5. Assignments 6, 11, and 12. [Note 6] At various times during the trial there were heated exchanges between the prosecution and defence lawyers. The only relevant argument made by the defendant here is that these exchanges may have "incite[d] jury and judge to convict the defendant."
In so far as the jury may have heard any of these remarks, the judge promptly instructed the jury to disregard them.
6. Assignments 16, 17, and 18 relate to the judge's charge to the jury. The defendant requested the judge to
distinguish between momentary and temporary possession; to state that "the harm resulting is not to be a factor in their determination but rather the conduct that caused the harm"; and "to consider . . . the relationship of the dead man to the parties." "[I]t has been held that a person who handles a dangerous weapon in such a manner as to make the killing or physical injury of another a natural and probable result of such conduct can be found guilty of involuntary manslaughter, although he did not contemplate such a result. Commonwealth v. Hawkins, 157 Mass. 551 , 552-553." Commonwealth v. Bouvier, 316 Mass. 489 , 494-495. The judge's instruction adequately covered the law of manslaughter and unlawful carrying of a firearm [Note 7] and it was not necessary for him to instruct the jury as requested by the defendant.
[Note 1] 222 Atl. 2d 326, 333-334.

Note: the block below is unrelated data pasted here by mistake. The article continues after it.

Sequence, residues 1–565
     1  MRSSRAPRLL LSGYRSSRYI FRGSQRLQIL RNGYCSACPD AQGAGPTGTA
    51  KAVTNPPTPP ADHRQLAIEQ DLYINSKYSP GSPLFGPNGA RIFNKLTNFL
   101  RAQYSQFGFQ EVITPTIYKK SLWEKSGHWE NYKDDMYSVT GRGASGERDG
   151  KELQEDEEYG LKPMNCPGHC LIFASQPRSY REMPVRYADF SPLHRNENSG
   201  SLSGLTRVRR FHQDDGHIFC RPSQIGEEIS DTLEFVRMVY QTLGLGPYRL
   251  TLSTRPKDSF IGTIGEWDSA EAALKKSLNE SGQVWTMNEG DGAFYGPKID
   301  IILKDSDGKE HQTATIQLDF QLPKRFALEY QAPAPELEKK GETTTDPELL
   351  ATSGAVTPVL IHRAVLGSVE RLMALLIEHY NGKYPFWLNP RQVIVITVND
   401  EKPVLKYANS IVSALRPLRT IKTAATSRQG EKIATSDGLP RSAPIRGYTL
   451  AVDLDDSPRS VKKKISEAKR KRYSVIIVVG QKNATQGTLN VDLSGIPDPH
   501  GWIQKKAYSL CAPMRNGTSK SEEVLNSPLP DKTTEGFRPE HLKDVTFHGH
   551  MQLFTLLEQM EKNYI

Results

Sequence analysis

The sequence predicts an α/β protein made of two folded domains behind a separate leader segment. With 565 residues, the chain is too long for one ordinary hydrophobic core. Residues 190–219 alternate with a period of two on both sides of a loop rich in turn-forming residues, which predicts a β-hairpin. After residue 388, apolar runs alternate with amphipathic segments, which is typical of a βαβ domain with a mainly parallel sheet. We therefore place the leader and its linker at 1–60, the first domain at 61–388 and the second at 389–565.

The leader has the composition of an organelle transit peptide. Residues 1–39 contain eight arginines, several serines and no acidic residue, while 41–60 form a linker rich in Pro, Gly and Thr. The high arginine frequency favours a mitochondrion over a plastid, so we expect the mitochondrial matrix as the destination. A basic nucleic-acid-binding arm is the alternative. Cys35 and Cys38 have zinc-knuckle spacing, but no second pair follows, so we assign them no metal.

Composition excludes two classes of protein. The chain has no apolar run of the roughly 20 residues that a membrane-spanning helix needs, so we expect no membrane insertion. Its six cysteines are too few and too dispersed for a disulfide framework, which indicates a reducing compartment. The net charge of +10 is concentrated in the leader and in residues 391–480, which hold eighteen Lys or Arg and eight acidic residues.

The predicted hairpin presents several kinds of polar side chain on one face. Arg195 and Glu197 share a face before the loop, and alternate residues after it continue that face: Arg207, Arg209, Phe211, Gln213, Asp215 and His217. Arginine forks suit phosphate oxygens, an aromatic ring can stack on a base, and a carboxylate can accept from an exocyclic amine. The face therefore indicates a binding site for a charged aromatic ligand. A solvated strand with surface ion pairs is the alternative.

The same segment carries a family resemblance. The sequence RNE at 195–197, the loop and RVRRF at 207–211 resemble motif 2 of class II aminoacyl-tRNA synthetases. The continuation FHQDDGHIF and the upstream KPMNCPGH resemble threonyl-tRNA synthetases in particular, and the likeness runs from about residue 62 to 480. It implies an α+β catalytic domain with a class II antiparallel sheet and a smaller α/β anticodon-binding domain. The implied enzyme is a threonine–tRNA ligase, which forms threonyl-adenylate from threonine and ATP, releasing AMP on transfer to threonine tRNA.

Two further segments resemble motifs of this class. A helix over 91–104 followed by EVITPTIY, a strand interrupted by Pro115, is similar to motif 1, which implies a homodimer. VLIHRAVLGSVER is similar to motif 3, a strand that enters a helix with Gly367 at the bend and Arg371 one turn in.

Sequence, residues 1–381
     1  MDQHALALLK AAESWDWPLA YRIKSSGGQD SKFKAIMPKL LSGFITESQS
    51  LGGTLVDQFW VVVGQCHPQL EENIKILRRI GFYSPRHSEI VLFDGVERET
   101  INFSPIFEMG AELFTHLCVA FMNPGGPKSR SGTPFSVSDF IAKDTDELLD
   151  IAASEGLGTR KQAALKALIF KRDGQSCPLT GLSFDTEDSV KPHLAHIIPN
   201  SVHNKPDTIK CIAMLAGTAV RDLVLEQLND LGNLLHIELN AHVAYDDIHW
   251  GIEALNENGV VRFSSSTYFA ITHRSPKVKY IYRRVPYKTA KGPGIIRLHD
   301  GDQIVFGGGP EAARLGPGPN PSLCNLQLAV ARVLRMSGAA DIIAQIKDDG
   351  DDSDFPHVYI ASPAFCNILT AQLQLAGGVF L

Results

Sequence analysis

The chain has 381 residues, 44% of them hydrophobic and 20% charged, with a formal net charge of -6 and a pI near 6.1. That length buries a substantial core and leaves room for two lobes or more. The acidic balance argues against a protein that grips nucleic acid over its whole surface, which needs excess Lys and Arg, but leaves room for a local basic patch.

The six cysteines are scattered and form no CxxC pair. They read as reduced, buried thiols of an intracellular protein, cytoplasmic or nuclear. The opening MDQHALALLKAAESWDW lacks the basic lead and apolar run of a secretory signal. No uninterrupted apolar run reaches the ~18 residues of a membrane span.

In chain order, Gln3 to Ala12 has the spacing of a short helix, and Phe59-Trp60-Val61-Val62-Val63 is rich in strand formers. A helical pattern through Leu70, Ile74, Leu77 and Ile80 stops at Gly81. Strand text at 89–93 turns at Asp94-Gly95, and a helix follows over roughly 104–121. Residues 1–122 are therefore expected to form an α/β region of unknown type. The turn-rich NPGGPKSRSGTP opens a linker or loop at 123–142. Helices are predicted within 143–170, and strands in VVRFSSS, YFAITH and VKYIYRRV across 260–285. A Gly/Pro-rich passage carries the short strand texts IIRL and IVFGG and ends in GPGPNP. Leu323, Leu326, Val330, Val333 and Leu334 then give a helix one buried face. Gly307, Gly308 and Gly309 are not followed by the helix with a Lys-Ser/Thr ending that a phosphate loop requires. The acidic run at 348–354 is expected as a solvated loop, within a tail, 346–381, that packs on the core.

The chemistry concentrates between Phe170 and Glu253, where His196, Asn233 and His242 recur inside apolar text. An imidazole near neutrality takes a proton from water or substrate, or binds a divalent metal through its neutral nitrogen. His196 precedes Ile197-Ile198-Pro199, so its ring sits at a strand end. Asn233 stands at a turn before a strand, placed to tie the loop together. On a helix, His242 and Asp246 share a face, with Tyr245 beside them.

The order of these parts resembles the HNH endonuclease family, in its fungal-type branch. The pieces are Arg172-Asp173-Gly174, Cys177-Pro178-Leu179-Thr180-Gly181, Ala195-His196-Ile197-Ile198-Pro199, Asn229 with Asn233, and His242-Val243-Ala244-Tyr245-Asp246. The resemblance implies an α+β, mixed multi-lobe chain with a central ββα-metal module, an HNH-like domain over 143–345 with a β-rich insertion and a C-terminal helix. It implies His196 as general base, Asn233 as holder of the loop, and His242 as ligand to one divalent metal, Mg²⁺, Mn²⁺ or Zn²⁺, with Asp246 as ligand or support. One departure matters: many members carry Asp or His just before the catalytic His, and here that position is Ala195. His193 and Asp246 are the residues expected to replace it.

[Note 2] The focus of the publicity was on the closing parts of the decision in which he said, "There is a growing feeling that the pendulum of the law has swung in favor of the defendant. Lest it swing too far, it might be well to pause and reflect from time to time concerning the rights of the public. It is difficult to disagree with the statement of Justice Frankfurter who said, `As good a test as any of a civilized society is the treatment accorded those accused of crime.' But this thesis could well constitute `mocking rhetoric' unless the law with equal zeal protects the public as well." The articles also referred to the "unprecedented" nature of the decision and to the concern of the judge that a "fishing expedition" on the part of the defendant might be invited if the court did not have "discretionary power to permit the prosecution to inquire preliminarily by way of a motion for specifications as to the basis of the allegation of unlawful conduct on the part of law enforcement officers."
[Note 3] In a typical example the article in one newspaper, on the front page, stated that "[the judge's] comments were in a written reply to cross-motions by defense counsel and prosecution concerning suppression of certain evidence in a Suffolk County manslaughter case." On page 26 the newspaper article continued, "[The counsel for the defendant,] charged with fatally shooting . . . [the deceased] in South Boston last October 10, filed the motions to suppress."